Article: article from journal or magazin.
Thymocyte stimulation by anti-TCR-beta, but not by anti-TCR-alpha, leads to induction of developmental transcription program.
Journal of Leukocyte Biology
Publication types: Journal Article ; Research Support, N.I.H., Extramural ; Research Support, U.S. Gov't, P.H.S.Publication Status: ppublish
Anti-T cell receptor (aTCR) antibody (Ab) stimulation of T cells results in TCR down-modulation and T cell activation. Differences in the effect of anti-alpha-chain and beta-chain Ab have been reported on thymocytes. Anti-beta-chain Ab but not anti-alpha-chain reagents cause long-term TCR down-modulation. However, both types of Ab result in TCR cross-linking and activate early steps in signal transduction. In this study, we show that TCR internalization and calcium flux, hallmarks of T cell activation, are similar with aValpha and aVbeta treatment. Therefore, we have compared the gene expression profiles of preselection thymocytes stimulated with these reagents. We find that aValpha treatment does not cause any significant change in gene expression compared with control culture conditions. In contrast, aVbeta stimulation results in numerous changes in gene expression. The alterations of expression of genes known to be expressed in thymocytes are similar to changes caused by positive thymic selection, suggesting that the expression of some of the genes without known roles in thymocyte development and of novel genes whose expression is found to be altered may also be involved in this process.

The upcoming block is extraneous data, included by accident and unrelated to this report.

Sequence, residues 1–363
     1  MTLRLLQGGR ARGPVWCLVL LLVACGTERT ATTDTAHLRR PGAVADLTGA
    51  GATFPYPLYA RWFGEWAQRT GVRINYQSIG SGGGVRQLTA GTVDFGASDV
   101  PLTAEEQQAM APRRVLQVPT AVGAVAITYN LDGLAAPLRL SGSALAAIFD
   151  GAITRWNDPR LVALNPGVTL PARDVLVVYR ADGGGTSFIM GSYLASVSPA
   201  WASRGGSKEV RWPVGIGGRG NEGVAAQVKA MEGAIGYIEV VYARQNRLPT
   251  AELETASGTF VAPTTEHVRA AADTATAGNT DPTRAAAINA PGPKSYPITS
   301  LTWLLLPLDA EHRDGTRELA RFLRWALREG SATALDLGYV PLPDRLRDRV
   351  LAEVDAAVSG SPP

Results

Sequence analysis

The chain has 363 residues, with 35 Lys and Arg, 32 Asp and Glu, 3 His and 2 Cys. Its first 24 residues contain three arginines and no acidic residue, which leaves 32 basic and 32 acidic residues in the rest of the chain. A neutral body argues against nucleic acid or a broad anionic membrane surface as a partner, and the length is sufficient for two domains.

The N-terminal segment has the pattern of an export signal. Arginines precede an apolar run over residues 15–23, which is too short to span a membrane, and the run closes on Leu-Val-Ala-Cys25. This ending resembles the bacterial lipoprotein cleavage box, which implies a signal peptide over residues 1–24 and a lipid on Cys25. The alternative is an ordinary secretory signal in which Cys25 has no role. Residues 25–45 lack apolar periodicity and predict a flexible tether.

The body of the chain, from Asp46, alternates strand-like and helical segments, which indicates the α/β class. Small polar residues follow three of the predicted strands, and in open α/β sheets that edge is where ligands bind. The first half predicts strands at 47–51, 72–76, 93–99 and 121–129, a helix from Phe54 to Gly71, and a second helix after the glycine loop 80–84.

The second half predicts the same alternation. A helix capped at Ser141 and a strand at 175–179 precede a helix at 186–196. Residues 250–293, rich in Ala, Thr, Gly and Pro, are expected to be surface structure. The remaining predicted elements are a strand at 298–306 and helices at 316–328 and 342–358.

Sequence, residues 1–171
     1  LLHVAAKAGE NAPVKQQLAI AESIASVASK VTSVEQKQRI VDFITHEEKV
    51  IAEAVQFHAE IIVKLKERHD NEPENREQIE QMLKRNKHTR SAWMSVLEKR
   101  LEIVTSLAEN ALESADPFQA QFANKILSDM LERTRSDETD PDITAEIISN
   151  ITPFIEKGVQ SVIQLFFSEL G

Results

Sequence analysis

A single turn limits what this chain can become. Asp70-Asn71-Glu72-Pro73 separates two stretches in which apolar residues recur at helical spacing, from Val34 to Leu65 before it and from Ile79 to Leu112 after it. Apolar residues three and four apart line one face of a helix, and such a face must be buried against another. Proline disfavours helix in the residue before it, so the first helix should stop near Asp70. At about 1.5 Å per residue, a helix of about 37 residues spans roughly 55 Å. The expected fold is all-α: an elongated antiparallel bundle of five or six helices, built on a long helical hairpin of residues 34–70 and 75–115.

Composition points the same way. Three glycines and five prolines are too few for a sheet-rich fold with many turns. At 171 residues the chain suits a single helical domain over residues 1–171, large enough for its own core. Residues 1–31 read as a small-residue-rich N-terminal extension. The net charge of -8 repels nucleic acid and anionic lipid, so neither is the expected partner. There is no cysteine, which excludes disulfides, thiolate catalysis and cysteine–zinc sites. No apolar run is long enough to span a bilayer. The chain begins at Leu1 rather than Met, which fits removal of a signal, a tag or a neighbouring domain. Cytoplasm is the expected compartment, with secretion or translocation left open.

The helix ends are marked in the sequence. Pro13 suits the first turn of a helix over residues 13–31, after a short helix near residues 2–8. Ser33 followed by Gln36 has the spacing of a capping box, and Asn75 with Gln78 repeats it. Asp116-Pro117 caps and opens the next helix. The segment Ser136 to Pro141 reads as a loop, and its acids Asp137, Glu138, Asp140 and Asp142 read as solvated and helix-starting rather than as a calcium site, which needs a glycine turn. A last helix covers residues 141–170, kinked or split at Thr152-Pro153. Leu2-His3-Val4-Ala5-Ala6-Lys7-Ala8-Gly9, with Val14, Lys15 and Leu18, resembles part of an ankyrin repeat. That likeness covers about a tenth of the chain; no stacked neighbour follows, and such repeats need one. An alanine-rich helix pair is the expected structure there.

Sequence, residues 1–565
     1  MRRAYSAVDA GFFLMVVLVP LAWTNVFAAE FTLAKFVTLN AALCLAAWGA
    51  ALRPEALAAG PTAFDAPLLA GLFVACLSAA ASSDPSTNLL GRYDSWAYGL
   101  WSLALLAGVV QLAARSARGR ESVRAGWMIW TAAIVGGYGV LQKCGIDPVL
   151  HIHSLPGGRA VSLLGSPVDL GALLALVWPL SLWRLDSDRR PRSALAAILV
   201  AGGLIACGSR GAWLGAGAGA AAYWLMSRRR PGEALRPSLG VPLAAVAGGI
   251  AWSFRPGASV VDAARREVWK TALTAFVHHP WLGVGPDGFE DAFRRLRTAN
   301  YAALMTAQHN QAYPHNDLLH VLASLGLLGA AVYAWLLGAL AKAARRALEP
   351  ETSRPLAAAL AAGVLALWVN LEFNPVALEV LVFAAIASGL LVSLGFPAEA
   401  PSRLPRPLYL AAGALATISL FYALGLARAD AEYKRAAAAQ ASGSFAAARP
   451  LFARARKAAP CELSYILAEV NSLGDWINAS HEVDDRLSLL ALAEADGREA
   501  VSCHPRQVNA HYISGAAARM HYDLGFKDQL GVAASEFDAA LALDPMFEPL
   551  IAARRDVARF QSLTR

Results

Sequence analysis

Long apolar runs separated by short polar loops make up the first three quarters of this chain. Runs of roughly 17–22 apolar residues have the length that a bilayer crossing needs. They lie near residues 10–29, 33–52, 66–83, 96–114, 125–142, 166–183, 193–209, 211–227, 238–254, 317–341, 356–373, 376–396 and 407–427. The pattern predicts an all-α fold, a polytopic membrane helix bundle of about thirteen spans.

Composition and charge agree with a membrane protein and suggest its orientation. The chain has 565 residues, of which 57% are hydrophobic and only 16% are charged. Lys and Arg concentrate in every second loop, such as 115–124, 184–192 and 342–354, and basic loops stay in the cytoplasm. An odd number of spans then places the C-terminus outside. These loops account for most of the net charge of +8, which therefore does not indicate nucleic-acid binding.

Animals, Antibodies, Monoclonal/immunology, Antibody Specificity, Calcium/metabolism, Cell Differentiation/immunology, Endocytosis/physiology, Gene Expression Profiling, Gene Expression Regulation, Developmental/immunology, Lymphocyte Activation, Mice, Mice, Inbred C57BL, Receptors, Antigen, T-Cell, alpha-beta/immunology, Signal Transduction/immunology, T-Lymphocytes/cytology, T-Lymphocytes/immunology, Transcription, Genetic
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